The following is a review of Grand Piano – Directed by Eugenio Mira
Grand Piano is a mixture of a simple classical concert and Joel Schumacher’s thriller Phone Booth. Tom Selznick (played by Elijah Wood), a well-known pianist who has developed stage fright, is playing a comeback concert in Chicago. During his opening performance, Selznick notices a note written with a red marker on his sheet music.
A sniper, who seeks something inside of a piano, is threatening Selznick. If Selznick plays a single note wrong, the sniper will shoot and kill Tom Selznick and his girlfriend, Emma (played by Kerry Bishé). Selznick is in for a surprise, though, as one of the pieces of music he is forced to play perfectly is the very challenging and complex ‘La Cinquette.’
“Now you know the meaning of stage fright.”
After having been blown away by Damien Chazelle’s last two films – La La Land and Whiplash – I decided to look into Damien Chazelle’s other work. The first film that I thought of was 10 Cloverfield Lane, which he co-wrote, but as I have already reviewed that excellent 2016 thriller, I, instead, decided to look for a film he wrote, which definitely sounded like a Chazelle film – Grand Piano.
I was really surprised by the fact that I didn’t recognize the name of the director – Eugenio Mira – but that I actually did recognize the name of the second unit director (and producer) – Rodrigo Cortés, who directed the extremely underrated Buried starring Ryan Reynolds.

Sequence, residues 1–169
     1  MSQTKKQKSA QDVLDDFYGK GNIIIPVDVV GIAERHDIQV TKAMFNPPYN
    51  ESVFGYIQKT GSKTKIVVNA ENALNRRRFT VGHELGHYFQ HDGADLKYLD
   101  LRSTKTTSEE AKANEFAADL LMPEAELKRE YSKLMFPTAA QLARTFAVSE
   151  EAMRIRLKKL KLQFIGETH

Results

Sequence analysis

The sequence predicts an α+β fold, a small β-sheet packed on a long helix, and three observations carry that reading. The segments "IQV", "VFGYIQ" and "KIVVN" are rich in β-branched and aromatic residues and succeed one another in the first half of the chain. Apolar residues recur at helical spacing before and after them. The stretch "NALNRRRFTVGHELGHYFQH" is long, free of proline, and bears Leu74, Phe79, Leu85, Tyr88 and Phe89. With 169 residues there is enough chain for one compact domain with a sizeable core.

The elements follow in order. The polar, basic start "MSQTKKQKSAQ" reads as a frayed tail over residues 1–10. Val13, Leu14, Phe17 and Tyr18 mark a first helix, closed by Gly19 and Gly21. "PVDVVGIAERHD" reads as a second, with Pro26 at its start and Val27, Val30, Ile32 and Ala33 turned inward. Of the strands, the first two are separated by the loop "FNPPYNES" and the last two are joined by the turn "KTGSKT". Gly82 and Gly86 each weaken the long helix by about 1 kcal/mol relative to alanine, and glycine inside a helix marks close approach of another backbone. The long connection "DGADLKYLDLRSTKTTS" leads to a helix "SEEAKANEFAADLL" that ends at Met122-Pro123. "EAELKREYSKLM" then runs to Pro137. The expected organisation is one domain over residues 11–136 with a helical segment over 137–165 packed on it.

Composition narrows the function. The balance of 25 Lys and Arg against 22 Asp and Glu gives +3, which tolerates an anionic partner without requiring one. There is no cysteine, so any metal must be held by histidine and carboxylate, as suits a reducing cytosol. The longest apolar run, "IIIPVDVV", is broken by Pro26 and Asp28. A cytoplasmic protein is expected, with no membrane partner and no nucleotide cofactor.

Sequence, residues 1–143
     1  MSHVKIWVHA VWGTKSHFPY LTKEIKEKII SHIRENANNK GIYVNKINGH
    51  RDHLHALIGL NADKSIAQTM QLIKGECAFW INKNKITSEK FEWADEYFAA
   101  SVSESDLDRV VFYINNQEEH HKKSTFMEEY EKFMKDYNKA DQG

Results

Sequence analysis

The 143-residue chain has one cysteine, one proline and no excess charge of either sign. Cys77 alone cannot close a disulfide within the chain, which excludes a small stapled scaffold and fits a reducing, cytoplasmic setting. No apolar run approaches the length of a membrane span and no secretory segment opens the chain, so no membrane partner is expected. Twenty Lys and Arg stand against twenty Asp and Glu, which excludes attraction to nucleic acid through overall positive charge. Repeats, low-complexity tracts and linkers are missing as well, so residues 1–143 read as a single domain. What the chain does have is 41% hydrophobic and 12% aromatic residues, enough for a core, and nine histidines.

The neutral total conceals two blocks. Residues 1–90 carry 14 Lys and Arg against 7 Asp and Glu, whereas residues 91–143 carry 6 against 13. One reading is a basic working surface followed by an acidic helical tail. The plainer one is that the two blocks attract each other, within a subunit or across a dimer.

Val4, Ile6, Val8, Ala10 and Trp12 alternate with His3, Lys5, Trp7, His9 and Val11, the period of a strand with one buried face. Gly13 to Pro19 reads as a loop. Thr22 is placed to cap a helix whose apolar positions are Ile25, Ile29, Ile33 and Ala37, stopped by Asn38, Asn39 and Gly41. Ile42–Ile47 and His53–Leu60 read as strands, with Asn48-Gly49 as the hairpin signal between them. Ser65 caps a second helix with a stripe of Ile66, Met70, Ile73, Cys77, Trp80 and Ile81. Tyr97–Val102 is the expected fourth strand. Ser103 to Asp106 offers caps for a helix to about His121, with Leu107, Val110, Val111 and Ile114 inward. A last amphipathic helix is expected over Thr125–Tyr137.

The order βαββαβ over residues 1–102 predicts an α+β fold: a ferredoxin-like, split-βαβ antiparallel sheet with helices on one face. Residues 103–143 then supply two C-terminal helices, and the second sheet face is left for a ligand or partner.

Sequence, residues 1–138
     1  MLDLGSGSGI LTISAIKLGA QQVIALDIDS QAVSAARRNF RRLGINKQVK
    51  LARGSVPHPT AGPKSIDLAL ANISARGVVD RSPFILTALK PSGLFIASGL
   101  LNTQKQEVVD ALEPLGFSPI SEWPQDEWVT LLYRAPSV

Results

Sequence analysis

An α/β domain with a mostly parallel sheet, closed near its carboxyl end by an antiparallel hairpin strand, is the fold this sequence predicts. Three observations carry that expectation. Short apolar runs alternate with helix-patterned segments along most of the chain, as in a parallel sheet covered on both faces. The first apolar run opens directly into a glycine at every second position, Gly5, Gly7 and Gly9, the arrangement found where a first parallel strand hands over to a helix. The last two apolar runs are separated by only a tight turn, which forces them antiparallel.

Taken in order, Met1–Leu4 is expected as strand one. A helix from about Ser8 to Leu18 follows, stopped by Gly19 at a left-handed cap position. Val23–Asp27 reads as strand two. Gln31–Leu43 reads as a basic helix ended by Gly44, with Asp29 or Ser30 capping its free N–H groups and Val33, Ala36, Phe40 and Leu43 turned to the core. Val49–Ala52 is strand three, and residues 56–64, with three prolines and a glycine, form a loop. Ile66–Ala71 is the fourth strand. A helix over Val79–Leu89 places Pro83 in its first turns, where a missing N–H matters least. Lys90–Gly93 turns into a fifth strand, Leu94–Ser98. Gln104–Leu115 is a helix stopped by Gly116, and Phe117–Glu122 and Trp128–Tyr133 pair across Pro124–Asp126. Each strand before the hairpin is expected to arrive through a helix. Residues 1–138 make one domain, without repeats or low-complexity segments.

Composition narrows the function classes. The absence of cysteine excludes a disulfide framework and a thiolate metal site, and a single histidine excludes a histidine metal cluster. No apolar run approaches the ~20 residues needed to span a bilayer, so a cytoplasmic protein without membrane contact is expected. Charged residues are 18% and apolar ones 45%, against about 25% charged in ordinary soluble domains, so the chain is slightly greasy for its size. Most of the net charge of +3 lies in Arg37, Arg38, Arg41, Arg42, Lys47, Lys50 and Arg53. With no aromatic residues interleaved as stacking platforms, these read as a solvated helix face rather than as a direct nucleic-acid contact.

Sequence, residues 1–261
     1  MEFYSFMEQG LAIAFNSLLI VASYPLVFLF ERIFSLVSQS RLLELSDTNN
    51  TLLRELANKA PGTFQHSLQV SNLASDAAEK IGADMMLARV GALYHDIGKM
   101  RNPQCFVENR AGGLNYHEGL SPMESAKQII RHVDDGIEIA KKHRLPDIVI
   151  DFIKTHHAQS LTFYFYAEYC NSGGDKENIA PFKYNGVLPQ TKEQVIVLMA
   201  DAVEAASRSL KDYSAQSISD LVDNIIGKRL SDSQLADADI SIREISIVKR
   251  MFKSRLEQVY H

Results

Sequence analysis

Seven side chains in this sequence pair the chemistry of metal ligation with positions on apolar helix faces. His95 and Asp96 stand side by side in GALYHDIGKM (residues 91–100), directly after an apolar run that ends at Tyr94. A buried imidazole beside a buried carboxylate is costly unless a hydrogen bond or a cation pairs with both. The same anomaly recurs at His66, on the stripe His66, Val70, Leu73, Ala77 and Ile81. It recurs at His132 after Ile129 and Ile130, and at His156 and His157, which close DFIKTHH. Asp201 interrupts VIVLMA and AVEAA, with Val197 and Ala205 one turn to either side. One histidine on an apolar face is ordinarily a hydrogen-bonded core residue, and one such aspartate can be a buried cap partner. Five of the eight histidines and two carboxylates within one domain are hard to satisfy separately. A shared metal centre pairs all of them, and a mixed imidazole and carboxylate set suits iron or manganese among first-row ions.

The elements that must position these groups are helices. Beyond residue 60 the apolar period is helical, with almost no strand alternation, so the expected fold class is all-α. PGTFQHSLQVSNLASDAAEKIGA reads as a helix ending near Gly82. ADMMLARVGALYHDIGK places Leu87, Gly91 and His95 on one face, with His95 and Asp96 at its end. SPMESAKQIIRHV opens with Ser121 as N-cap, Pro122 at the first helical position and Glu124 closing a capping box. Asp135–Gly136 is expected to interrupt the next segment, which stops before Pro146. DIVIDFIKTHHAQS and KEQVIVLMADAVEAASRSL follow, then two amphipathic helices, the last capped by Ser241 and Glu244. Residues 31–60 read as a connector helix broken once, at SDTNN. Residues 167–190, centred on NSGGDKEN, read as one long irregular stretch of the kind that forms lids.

As for the film itself, other than the fact that it is a movie about musicians, the only thing that really reminded me of Damien Chazelle’s films was one sequence around the 25-minute mark where Selznick is playing the piano and doing so well – in spite of the shocking message on his sheet music – that the film rapidly cuts from one shot of him by the piano to the conductor and back to the piano.
It resembles a similar sequence in Whiplash between Miles Teller’s character and J. K. Simmons character, and I believe La La Land even includes such a sequence, where Ryan Gosling’s character is playing the piano and Emma Stone’s character is dancing along.
Although those sequences resemble the aforementioned sequence between Selznick and the conductor, it is not nearly as impressive in Grand Piano as it is in Whiplash or La La Land, as those sequences go back and forth more than once. In both Whiplash and La La Land, these sequences are seemingly supposed to show you how in synch the central characters are, but that’s not really the effect of the short sequence of shots in Grand Piano.
But enough about Whiplash and La La Land, let’s give Grand Piano the credit it’s due. I think it’s a really entertaining film with some suspense, though it’s not as suspenseful as the filmmakers were hoping for. John Cusack is great in his role, even though it doesn’t seem to be that much of a challenge. Elijah Wood is really good. He makes you believe in the terror Selznick feels, but he also manages to work well when his character takes charge of the situation.
Normally, I’m a big fan of thrillers like Grand Piano, but it was missing something. Again, it’s not as suspenseful as it seems to think it is. It is also just a really unbelievable plot, but that didn’t really take me out of the film. There is one character thrown in there that is about as believable as a cardboard cut-out, the character is very cartoony.
Also, the final payoff – including why the sniper had chosen to ‘torture’ Selznick, but also why he needed someone to play the piano perfectly – was a bit too odd, or strange, for me to find believable. However, while Grand Piano has an implausible plot and one or two thin supporting characters, it is a somewhat suspenseful and different thriller with a credible central performance.
6.9 out of 10
– Jeffrey Rex